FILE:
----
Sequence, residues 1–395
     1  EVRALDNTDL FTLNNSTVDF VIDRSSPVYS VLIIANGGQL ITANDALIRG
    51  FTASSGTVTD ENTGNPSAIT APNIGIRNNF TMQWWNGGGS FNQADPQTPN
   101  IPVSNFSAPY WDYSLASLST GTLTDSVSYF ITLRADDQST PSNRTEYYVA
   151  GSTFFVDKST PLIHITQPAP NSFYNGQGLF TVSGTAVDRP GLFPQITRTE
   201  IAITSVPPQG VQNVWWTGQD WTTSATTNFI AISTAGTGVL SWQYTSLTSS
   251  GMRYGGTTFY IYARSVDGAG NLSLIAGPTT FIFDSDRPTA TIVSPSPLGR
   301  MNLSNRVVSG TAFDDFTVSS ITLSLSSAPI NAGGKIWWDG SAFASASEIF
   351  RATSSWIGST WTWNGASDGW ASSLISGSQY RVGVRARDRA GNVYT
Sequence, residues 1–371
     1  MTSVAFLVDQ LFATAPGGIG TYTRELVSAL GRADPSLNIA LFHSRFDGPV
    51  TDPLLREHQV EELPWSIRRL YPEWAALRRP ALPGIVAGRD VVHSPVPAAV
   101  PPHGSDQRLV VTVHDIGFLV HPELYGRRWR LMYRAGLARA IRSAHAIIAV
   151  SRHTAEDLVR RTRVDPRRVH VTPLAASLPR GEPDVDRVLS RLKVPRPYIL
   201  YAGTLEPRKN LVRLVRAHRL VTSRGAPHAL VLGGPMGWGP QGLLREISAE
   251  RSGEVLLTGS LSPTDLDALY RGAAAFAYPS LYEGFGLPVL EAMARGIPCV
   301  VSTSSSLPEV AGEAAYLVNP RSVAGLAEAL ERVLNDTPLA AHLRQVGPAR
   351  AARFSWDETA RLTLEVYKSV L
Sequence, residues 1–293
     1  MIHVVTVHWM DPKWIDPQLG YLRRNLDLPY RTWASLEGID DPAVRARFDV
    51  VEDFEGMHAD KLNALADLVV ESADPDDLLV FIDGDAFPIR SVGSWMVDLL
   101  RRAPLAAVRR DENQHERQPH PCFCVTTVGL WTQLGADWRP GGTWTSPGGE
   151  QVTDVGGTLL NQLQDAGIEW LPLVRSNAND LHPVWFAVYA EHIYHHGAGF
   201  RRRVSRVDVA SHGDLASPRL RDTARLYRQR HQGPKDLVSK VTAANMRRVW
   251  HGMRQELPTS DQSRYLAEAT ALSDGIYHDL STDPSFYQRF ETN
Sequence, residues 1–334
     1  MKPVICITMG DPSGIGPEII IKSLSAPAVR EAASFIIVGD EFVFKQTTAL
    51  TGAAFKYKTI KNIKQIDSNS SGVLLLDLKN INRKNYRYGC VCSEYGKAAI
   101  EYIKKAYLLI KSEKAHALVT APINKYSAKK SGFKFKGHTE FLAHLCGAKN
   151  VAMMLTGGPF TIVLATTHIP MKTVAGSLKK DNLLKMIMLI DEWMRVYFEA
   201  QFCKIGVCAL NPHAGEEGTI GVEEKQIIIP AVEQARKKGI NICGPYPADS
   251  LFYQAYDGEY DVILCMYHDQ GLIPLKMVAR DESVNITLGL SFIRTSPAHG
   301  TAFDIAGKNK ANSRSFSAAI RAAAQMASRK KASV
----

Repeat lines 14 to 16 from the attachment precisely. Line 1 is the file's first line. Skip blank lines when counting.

   151  SRHTAEDLVR RTRVDPRRVH VTPLAASLPR GEPDVDRVLS RLKVPRPYIL
   201  YAGTLEPRKN LVRLVRAHRL VTSRGAPHAL VLGGPMGWGP QGLLREISAE
   251  RSGEVLLTGS LSPTDLDALY RGAAAFAYPS LYEGFGLPVL EAMARGIPCV